This page contains a quick overview of the LTP layer. For a more in depth description of what is contained, see the LTP module in the documentation distributed with the library.
LTP Layer Overview
The LTP Layer contains implementations of all of the data structures defined in
2.3. These data structures are built on top of the
abstraction exposed by the
- Getting Started
- Coming up from the NDB
- Working with property objects
- Property Bags
Unlike working with the
, the LTP layer isn't free standing - there is no way to open some abstraction of a database in the LTP layer. So, in order to operate at this level, you are coming either from the PST layer where you "unwrapped" an object, or coming up
from the NDB layer where you are interpreting nodes in a certain fashion. I'll assume you're doing the former, but we'll briefly go over the building blocks of the LTP first.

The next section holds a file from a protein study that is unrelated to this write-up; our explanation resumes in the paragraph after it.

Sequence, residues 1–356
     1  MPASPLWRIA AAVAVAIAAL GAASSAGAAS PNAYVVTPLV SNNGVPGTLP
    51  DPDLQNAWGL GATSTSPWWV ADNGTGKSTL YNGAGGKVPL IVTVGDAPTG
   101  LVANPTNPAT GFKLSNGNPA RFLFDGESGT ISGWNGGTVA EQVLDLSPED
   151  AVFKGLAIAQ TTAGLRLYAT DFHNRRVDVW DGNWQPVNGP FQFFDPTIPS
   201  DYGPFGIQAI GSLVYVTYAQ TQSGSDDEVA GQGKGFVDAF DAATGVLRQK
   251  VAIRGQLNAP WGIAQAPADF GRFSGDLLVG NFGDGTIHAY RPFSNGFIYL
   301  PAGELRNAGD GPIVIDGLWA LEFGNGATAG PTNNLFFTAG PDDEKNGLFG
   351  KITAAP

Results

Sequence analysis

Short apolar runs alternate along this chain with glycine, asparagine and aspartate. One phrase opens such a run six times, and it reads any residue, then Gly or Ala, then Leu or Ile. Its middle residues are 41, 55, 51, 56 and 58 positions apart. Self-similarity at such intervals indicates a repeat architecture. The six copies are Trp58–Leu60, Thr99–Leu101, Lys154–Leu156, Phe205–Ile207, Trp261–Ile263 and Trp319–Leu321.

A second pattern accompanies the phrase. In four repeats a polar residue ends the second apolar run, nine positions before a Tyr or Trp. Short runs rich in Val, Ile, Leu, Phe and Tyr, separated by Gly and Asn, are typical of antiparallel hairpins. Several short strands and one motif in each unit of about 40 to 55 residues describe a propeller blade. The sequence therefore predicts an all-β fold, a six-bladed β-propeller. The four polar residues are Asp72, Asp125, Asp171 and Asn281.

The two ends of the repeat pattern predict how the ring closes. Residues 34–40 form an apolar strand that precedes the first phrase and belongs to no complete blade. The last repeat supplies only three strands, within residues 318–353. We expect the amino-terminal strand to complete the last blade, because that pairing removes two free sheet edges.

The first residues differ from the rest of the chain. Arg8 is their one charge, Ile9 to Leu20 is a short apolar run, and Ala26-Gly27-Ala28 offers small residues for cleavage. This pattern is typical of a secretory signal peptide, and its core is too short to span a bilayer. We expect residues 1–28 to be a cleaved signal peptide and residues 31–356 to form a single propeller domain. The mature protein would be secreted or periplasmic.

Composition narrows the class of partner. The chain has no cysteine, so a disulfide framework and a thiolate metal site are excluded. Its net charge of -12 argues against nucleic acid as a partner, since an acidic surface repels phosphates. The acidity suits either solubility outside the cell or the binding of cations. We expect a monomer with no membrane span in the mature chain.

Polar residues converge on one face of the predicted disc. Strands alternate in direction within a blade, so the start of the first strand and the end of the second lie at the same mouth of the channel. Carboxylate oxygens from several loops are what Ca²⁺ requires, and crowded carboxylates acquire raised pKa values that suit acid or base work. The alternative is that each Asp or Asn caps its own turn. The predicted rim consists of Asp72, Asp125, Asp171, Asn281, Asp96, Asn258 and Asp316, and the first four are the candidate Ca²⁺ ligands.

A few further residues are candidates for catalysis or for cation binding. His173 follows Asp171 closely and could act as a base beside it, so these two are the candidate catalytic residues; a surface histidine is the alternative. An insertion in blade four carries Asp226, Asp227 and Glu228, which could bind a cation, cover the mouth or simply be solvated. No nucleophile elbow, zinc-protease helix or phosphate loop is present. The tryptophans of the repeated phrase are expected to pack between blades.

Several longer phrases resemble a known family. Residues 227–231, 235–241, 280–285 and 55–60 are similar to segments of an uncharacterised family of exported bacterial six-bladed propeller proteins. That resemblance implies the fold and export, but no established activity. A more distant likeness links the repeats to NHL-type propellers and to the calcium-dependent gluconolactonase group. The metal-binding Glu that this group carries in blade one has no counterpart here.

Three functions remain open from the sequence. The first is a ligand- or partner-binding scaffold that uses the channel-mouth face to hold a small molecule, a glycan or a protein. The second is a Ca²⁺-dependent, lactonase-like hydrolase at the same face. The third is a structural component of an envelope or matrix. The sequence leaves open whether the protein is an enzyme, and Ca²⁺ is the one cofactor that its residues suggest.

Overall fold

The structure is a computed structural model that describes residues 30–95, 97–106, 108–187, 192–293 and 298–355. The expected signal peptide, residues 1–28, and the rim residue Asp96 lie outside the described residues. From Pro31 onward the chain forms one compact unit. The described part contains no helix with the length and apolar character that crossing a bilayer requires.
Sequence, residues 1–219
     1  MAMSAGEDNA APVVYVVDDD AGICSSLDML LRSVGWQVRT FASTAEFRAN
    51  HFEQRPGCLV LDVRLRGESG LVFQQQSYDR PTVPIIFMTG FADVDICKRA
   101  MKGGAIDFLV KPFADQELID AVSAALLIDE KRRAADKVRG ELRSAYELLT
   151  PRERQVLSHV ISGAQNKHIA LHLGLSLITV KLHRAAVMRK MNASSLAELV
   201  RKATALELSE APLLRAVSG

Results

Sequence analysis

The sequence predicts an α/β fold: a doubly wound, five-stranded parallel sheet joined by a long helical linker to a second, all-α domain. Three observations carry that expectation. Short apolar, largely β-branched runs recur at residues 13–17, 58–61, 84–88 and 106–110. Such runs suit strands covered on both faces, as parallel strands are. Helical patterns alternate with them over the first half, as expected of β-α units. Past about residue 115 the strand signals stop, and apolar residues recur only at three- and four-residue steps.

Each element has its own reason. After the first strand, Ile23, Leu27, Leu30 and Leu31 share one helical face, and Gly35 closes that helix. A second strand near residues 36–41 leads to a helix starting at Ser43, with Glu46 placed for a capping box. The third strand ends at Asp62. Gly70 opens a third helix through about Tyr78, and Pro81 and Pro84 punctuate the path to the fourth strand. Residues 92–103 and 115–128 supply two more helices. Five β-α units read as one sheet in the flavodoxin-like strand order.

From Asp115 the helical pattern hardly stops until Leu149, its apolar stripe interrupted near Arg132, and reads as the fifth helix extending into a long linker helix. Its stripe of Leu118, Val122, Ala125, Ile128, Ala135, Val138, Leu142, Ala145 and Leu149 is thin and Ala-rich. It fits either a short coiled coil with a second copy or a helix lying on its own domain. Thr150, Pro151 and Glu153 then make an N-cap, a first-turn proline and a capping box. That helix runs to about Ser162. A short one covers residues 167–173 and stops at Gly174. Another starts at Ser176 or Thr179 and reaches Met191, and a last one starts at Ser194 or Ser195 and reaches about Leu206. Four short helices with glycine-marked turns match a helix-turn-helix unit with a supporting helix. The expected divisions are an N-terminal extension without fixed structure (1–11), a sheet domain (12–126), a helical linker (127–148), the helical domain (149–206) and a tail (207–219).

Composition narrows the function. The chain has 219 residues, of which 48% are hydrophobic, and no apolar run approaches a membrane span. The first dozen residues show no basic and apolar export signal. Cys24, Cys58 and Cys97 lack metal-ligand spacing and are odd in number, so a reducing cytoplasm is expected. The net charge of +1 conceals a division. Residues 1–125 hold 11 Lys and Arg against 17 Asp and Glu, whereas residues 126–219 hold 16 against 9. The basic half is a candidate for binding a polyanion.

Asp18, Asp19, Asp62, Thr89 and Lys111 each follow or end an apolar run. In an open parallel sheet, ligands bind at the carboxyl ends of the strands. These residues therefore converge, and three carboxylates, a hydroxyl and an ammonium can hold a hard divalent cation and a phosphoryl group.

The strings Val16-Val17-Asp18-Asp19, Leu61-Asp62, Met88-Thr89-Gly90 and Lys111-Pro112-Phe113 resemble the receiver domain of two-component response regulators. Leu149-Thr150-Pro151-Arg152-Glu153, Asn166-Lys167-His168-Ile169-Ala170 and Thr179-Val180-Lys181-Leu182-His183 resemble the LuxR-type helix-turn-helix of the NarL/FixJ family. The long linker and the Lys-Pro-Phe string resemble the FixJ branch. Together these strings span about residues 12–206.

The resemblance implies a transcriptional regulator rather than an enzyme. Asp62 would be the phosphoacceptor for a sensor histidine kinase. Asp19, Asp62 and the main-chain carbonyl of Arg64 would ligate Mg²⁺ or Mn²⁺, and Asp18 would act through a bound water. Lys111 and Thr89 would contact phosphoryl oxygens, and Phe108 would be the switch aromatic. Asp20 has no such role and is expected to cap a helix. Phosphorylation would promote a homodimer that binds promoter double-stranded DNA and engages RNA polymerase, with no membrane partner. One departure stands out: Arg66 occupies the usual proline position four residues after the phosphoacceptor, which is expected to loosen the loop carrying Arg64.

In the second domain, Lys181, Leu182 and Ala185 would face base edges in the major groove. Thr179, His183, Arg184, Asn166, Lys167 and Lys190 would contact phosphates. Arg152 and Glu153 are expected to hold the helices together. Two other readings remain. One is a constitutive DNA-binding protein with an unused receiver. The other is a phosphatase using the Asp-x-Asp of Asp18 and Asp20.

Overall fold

Similar to other layers; you can either include the rolled up ltp header or the individual headers,
#include "ltp.h" // includes all other ltp layer headers
Coming up from the NDB
If you're coming up from the
, we'll assume you have both a node
object and a
- at least, you can get one from the node. So what can we do to interpret a node at a higher level than just a flat stream of bytes? That is where the
The first thing to know about a heap
is that it completely controls a node. We say a given
node is a heap
a heap is in
. You can not have two heap
objects in a node. You can't have anything in a
which is a heap
without the heap knowing about it, or you're risking really confusing someone. Think of a
as a higher level interpretation of the entirety of a
- but not that
In general terms, almost all nodes in the NBT are organized as heaps. All message and folder nodes are. Certain internal queue nodes are not. The reverse is true for subnodes; most subnodes are not heaps but instead just overflow allocations which could not